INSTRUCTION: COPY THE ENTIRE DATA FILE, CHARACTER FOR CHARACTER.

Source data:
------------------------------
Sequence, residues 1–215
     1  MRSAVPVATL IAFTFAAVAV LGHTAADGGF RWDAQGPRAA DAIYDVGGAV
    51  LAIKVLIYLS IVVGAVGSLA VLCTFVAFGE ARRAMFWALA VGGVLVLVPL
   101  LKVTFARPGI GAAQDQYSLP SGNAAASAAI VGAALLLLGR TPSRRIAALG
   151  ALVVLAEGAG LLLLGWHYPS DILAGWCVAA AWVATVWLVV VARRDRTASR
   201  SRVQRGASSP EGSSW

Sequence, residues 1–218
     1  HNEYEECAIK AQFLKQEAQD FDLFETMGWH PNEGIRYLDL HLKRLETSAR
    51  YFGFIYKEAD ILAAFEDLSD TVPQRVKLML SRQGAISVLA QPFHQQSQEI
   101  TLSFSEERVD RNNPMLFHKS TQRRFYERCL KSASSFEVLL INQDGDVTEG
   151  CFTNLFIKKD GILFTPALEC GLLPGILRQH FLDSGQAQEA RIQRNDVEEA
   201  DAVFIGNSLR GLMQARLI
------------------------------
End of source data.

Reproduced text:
Sequence, residues 1–215
     1  MRSAVPVATL IAFTFAAVAV LGHTAADGGF RWDAQGPRAA DAIYDVGGAV
    51  LAIKVLIYLS IVVGAVGSLA VLCTFVAFGE ARRAMFWALA VGGVLVLVPL
   101  LKVTFARPGI GAAQDQYSLP SGNAAASAAI VGAALLLLGR TPSRRIAALG
   151  ALVVLAEGAG LLLLGWHYPS DILAGWCVAA AWVATVWLVV VARRDRTASR
   201  SRVQRGASSP EGSSW

Sequence, residues 1–218
     1  HNEYEECAIK AQFLKQEAQD FDLFETMGWH PNEGIRYLDL HLKRLETSAR
    51  YFGFIYKEAD ILAAFEDLSD TVPQRVKLML SRQGAISVLA QPFHQQSQEI
   101  TLSFSEERVD RNNPMLFHKS TQRRFYERCL KSASSFEVLL INQDGDVTEG
   151  CFTNLFIKKD GILFTPALEC GLLPGILRQH FLDSGQAQEA RIQRNDVEEA
   201  DAVFIGNSLR GLMQARLI